The Seahawks host the Rams on Saturday for the second time in three weeks, but this time in the Wild Card round of the postseason. The two teams split their regular-season meetings, with the Seahawks prevailing at Lumen Field in Week 16 to clinch the NFC West title. If the Seahawks are going to beat the Rams at home once again this weekend, these are three key matchups that could make the difference in Saturday's game:
1. Rams OLB Leonard Floyd vs. Seattle's pass protection.
We usually mention Aaron Donald here, and for god reason—he's one of the most dangerous defensive players in the game. And as always, dealing with Donald is a huge priority, for the Seahawks, who have have actually done a good job keeping him from being a game-wrecker this year. In two games against Seattle this season, Donald has one sack, three quarterback hits and two tackles, but as is so often the case when teams focus their attention on containing Donald, it creates opportunities for Donald's teammates. And nobody has done a better job of taking advantage of those chances than outside linebacker Leonard Floyd.
In two games against Seattle this season, Floyd has 5 sacks, nearly half of his season total (10.5) as well as seven quarterback hits and 12 tackles.
The Seahawks will have their full offensive line back on the field, just the sixth time this season with their starting five all available, and that should help, but if the Seahawks are going to get more explosive in their passing game, something Pete Carroll and Russell Wilson both mentioned as a goal this week, then they'll need to give Wilson time for those plays to develop, and in the previous two meetings are any indication, buying more time for Wilson means taking care not only of Donald, but also Floyd.
"You certainly pay a lot of attention to Aaron, you have to, he's a terrific player," offensive coordinator Brian Schottenheimer said. "They do a nice job of trying to isolate you into one-on-one blocks. The front structure and the things that they do they make you basically block things straight across the board and they get a bunch of one-on-one matchups. They do a terrific job of running games and things where they cross—he starts on one side and then they bring the guy across and then he loops around, call it a stunt or a game—I think Leonard Floyd is a great example. Leonard's having a terrific year. Leonard's a great player, but certainly people are paying a lot of attention to Aaron, (Floyd) gets matchups gets one on ones, great motor. So he's a great example of a guy that benefits from it. But they're more than just Aaron, they've got a terrific defense a terrific unit, they're well coached, and it'd be fun to go up against them again."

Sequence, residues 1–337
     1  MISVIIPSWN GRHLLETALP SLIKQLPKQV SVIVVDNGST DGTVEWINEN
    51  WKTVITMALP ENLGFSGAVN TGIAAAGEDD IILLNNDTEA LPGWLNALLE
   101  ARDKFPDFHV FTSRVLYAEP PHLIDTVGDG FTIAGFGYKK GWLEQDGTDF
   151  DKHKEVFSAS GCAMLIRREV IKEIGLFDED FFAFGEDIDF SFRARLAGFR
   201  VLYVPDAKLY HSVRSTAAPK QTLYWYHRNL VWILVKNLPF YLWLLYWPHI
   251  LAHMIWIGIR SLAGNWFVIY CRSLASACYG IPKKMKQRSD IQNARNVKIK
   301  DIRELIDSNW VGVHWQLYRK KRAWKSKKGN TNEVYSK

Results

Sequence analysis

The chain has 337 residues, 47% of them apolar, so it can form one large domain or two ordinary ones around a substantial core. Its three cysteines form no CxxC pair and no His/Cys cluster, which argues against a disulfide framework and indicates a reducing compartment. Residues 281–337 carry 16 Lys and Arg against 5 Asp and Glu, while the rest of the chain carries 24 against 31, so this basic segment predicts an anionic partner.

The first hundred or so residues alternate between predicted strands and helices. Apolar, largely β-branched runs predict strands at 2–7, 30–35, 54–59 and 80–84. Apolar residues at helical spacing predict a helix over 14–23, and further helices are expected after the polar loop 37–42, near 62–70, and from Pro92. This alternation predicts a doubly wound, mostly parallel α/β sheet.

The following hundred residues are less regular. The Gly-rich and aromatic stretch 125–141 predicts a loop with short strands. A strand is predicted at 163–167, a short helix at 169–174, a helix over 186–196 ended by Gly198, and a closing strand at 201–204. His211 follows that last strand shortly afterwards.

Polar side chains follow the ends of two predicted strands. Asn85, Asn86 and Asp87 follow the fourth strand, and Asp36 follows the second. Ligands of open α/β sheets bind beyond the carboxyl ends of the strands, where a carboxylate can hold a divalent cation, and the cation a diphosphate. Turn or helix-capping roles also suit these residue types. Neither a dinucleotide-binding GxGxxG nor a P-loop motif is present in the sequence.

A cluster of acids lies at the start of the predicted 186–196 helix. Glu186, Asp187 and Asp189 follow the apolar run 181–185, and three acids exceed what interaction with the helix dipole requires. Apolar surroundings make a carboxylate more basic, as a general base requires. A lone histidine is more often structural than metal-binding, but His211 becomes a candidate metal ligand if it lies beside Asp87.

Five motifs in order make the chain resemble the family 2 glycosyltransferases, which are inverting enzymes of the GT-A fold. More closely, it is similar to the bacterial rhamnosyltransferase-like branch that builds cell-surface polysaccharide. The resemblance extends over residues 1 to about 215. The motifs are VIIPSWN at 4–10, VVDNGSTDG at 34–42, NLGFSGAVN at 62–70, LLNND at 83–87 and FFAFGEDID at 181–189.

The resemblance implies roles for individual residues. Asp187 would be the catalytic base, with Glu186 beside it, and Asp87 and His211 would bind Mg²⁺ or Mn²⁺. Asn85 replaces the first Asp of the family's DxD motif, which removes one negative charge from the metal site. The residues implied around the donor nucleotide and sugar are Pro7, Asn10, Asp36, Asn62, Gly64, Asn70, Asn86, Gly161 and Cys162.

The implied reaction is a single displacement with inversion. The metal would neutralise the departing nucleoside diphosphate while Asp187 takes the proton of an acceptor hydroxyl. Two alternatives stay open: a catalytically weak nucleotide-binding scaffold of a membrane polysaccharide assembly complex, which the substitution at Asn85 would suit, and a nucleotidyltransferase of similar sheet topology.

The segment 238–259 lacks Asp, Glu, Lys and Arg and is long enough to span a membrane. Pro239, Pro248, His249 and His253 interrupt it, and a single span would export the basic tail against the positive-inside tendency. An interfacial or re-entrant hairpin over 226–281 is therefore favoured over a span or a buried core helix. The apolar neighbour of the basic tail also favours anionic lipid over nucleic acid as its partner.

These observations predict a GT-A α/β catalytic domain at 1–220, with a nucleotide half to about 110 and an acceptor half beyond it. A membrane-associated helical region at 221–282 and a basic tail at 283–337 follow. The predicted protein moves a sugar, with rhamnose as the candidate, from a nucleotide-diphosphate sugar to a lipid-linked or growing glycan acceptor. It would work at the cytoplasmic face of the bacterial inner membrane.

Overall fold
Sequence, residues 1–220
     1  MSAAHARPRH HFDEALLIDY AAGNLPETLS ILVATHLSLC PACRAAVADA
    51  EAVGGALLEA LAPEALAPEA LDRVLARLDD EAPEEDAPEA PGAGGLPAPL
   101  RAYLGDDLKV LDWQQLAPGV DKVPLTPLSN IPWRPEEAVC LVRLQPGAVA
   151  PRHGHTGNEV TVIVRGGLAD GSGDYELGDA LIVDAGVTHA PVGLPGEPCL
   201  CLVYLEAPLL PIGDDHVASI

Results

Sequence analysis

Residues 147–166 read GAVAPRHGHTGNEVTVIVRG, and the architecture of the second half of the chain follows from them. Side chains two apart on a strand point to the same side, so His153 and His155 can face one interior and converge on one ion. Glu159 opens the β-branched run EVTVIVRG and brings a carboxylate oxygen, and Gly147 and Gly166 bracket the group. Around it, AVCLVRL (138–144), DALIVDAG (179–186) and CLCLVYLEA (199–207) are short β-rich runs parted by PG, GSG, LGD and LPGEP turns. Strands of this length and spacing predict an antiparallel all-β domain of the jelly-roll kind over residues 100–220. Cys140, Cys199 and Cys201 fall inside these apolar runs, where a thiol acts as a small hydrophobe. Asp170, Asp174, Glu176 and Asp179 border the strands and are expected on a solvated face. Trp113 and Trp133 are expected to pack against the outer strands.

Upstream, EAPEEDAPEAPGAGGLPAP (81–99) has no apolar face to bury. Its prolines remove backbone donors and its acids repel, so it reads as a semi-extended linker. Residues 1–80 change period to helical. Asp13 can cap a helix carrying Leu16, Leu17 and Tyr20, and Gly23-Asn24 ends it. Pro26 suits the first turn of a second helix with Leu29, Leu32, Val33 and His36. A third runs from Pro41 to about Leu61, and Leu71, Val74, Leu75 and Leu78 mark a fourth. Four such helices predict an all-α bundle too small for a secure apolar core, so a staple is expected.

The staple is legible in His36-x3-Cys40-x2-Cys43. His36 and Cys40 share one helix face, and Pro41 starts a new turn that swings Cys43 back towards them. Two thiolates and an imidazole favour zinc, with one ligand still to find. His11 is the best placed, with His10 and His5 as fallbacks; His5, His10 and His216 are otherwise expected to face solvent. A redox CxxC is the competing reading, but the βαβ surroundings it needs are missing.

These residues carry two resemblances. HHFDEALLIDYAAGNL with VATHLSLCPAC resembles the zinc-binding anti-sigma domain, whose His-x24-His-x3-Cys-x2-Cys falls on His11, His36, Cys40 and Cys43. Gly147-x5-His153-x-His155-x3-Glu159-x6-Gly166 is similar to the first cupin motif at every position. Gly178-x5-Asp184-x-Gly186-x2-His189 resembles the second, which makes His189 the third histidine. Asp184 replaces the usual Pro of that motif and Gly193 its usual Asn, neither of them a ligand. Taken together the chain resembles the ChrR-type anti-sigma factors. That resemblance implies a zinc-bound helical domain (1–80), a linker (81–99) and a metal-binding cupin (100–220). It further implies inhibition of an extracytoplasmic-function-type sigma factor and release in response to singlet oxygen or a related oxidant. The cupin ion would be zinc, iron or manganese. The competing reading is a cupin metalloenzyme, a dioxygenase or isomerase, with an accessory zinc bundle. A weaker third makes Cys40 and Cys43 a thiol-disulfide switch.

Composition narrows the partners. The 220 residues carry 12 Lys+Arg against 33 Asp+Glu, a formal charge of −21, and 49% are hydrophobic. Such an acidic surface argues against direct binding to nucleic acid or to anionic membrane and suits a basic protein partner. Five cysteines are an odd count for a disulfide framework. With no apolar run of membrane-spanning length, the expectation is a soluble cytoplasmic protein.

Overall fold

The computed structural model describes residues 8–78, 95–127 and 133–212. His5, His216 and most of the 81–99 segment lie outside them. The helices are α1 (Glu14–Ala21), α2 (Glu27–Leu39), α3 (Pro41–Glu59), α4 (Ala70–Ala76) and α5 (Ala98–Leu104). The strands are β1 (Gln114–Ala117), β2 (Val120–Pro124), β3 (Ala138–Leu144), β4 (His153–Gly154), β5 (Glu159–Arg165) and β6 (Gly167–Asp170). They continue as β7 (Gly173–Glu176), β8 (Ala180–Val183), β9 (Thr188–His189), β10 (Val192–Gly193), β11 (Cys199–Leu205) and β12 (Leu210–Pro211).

2. DK Metcalf vs Jalen Ramsey, Round 3.
As mentioned above, the Seahawks are hoping to get a little more explosive in the passing game, but they also know they need to be careful how they go about attempting that against one of the league's best defenses, and against first-team All-Pro cornerback Jalen Ramsey in particular. Metcalf, who himself earned second-team All-Pro honors this week, had a spectacular season with a franchise-record 1,303 yards and 10 touchdowns, but Ramsey and the Rams have done a good job making life difficult on Metcalf and the rest of the passing game. With Ramsey spending most of the game following him, Metcalf had only two catches for 23 yards in the first meeting between these teams. The Seahawks didn't challenge Ramsey much in Week 16 either, but they did move Metcalf around more, creating other matchups, and Metcalf had six catches for 59 yards, three of which were third-down conversions.
Ramsey made it clear he hopes to see more of Metcalf this week, telling reporters "I feel personally that it should be like big on big," but he also acknowledged that moving Metcalf around more in the more recent meeting was effective. Metcalf isn't one to back down to a challenge and he will be confident he can get the job done even if Ramsey covers him every down, but expanding on the blueprint from the last meeting of moving Metcalf around could prove to be the best move for the Seahawks. Either way, when those two do line up across from each other, it should be a lot of fun.
3. Rams running back Cam Akers against a stout Seahawks run defense.
The Rams are a team that likes to run the ball in any game, but that could be of particular importance for L.A. this weekend due to their uncertainty at quarterback. Starter Jared Goff is less than two weeks removed from thumb surgery and is listed as questionable for the game, while backup John Wolford is coming off a pretty solid outing in his first career start.
And if the Rams want to lean on the running game, they'll do so with a running back the Seahawks didn't see in Week 16, rookie Cam Akers. Akers, a second-round pick out of Florida State, didn't yet have a starting role when these teams met earlier in the season, and he was out with an ankle injury for the Week 16 game, but in between he rushed for 390 yards in his previous four games, averaging 5.2 yards per carry, and as he showed last week in his return, he's a nice option for Wolford in the passing game catching four passes for 52 yards.
"He's explosive," defensive coordinator Ken Norton Jr. said. "He can put his foot down and make an explosive run at any point. "We have to do a great job with our fits. He's a guy that can get to the outside. He also has a good inside running game and he outruns people. So again, he's a guy that he makes their offense go."
The Seahawks have played good run defense all season, ranking fifth the league at 95.6 yards per game and 3.9 yards per carry, and another strong performance in that phase of the game will be an important part of slowing down the L.A. offense, regardless of who's playing quarterback.